Thinking big and holistic is the only way to tackle questions related to improving the effectiveness of leadership; among the most important influences in leadership is the way we protect, expand, and use our brains. Brain Rules: 12 Principles for Surviving and Thriving at Work, Home, and School (Medina, 2014) is a quick read and full of insights on how our brains function and how to get the most out of what God has granted to us in this amazing organ. Medina's web site provides a nice introduction as well.
Medina explains that from the earliest biological evidence, brains appear to have evolved to help humans survive in very harsh and changing circumstances. It was essential that the brain assisted us in solving problems, serving us in an unstable outdoor environment, and supporting us in almost constant change and motion. In addition, our human brains developed to uniquely offer us symbolic reasoning that utilized evidence and helped us relate socially to others. These unique characteristics not only allowed us to survive but to thrive. (3% into digital text)
Of the 12 principles Medina identifies, he starts the book by looking at 5 of the most important:
- Exercise boosts brain power (rule #2)
- People don’t pay attention to boring things (rule #6)
- Whether you get enough rest at night affects your mental agility (rule #3)
- We must repeat to remember (rule #)
- We are powerful and natural explorers (rule #12)
One of the most interesting points about brain functioning relates to the way the brain processes and stores information. Instead of neat, easily accessible packages of knowledge or experience, our brains break up information, storing it in different areas while also creating links across areas of the brain. Medina used the example of a musician where the motor skills required to play an instrument are in one area of the brain, the intellectual attention required to read musical notes in another, and the emotional insight required to interpret the composer’s intent elsewhere. Cross-brain activity is enhanced for musicians who study and actively play music, which then enhances their integrative capacity for other uses. Some of these other uses include greater ability to see the big picture or the ability to formulate more imaginative solutions to individual or community problems. A final positive outcome of studying and playing music is an increased emotional awareness/intelligence and a greater propensity for prosocial behavior - behavior directed for the good of a group or another individual.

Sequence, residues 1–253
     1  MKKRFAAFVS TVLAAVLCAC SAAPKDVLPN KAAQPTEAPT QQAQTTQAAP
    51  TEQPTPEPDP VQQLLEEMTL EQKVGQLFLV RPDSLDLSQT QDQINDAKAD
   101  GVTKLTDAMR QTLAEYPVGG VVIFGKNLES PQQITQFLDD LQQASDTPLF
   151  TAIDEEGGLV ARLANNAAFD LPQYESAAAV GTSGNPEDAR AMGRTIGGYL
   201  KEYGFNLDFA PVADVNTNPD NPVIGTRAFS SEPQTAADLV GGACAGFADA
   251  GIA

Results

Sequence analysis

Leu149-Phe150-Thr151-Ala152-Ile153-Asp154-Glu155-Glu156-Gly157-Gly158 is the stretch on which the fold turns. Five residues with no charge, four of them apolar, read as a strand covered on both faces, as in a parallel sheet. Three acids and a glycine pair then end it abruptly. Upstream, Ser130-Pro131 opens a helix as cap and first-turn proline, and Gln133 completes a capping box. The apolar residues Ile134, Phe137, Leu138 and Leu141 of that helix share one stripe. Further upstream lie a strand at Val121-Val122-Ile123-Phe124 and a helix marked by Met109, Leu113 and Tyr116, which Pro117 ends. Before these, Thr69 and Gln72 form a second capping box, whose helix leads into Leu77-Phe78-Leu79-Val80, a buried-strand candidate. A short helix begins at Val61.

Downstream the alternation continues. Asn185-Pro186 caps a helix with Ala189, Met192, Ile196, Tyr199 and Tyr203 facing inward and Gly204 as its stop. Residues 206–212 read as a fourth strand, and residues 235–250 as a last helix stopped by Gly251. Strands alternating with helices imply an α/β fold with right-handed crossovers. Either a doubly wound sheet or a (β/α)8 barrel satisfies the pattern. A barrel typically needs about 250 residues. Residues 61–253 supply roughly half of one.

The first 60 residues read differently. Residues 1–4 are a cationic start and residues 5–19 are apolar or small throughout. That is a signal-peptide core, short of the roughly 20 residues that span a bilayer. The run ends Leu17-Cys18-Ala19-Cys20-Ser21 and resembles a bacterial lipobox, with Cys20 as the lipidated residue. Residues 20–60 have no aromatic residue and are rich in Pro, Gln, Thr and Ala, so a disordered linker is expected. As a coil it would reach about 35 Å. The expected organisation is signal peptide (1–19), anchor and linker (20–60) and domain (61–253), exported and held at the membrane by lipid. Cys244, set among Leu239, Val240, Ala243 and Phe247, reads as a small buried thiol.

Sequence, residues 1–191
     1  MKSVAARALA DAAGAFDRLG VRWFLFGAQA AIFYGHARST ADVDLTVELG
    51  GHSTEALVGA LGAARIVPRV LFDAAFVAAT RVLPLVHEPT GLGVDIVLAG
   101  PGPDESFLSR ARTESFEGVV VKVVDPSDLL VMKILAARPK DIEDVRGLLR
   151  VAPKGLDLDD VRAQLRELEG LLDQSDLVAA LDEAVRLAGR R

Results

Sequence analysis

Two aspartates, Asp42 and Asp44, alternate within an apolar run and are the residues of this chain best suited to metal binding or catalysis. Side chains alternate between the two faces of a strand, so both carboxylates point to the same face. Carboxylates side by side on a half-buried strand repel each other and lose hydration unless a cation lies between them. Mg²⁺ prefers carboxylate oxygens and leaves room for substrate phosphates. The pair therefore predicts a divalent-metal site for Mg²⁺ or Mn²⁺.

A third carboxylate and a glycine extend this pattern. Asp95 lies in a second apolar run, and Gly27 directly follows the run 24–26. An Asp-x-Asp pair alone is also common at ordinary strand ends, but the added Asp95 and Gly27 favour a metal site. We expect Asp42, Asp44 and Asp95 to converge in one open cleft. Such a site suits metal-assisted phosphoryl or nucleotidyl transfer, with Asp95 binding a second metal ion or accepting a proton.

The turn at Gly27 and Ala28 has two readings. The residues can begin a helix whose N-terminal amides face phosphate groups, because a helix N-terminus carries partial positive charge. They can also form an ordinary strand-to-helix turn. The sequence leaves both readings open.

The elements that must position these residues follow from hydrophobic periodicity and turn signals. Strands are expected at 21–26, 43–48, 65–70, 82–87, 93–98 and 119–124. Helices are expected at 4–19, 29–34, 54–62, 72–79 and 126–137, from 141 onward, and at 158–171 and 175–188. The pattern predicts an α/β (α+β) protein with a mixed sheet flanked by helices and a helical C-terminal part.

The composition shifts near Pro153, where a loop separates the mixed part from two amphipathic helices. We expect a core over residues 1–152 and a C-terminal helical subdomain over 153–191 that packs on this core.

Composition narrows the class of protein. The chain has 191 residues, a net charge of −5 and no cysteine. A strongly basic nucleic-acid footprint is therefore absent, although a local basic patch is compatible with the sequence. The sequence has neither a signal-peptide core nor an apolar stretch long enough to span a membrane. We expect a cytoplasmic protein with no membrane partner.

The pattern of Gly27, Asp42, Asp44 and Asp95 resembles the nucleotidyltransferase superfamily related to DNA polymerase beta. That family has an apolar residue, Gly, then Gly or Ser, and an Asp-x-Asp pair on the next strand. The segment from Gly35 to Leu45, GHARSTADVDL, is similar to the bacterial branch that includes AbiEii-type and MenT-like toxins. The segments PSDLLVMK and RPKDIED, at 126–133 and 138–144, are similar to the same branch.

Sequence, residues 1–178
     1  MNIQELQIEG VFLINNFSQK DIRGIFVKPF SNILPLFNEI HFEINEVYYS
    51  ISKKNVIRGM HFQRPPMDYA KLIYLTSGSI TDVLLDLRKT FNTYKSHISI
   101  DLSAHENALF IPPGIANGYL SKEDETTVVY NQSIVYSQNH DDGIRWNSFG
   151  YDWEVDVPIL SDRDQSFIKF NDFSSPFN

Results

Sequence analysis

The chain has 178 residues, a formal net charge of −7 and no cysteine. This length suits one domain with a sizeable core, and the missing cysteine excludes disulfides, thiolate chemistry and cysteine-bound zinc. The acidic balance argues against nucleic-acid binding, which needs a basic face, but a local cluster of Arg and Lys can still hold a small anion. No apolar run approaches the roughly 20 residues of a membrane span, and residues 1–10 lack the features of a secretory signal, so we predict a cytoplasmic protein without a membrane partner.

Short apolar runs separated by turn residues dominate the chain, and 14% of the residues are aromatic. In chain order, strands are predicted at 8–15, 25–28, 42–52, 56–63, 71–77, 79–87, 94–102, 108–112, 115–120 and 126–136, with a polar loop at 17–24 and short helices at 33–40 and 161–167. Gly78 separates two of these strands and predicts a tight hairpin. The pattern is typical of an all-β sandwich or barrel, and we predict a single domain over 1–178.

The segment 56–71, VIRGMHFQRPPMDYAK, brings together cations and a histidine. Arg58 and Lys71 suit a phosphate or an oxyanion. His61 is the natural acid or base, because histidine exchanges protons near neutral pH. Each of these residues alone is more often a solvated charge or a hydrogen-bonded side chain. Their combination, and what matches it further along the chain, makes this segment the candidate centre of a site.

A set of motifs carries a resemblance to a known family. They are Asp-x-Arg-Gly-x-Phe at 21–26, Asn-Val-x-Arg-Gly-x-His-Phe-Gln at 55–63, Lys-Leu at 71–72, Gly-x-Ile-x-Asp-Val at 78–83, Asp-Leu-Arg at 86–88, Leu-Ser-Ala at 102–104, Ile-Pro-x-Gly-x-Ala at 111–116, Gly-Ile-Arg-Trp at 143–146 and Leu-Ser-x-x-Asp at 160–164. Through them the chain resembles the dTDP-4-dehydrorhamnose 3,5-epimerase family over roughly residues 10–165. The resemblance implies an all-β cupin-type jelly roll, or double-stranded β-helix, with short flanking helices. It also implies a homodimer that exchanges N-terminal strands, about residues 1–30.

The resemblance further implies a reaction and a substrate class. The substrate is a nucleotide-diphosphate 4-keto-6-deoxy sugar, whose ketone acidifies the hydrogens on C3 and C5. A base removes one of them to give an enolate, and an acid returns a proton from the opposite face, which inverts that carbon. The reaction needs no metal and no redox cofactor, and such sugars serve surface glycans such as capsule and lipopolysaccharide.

Our brains encode information, initially an act of deliberate consciousness and later in effortless recall; these are examples of explicit (short-term) and implicit/procedural (long-term or consolidated) memory. An aid to driving memory deeper into the brain is to understand the relevance and purpose of the information. Using the example of music again, a pianist learns a complex piece by breaking it into parts, often working on some passages with painstaking detail for effective fingering or other technique; the relevance of complex fingering is that certain hand movements are easier than others and having a predictable and elaborate pattern can also assist in memorization.
Medina closes the book by acknowledging differences among men and women and by advocating for the importance of cultivating curiosity. Returning to the theme of our evolving brains, enhancing our willingness to pursue novel questions and increasing our discernment of innovation solutions becomes more important with humanity’s every step forward.